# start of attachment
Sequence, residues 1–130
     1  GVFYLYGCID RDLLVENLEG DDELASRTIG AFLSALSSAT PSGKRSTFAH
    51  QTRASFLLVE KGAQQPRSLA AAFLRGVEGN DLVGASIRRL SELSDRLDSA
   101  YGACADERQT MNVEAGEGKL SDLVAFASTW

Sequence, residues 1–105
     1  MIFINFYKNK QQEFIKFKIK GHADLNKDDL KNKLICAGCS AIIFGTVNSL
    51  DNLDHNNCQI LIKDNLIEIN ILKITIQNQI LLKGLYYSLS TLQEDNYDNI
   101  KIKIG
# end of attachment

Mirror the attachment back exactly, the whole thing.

Sequence, residues 1–130
     1  GVFYLYGCID RDLLVENLEG DDELASRTIG AFLSALSSAT PSGKRSTFAH
    51  QTRASFLLVE KGAQQPRSLA AAFLRGVEGN DLVGASIRRL SELSDRLDSA
   101  YGACADERQT MNVEAGEGKL SDLVAFASTW

Sequence, residues 1–105
     1  MIFINFYKNK QQEFIKFKIK GHADLNKDDL KNKLICAGCS AIIFGTVNSL
    51  DNLDHNNCQI LIKDNLIEIN ILKITIQNQI LLKGLYYSLS TLQEDNYDNI
   101  KIKIG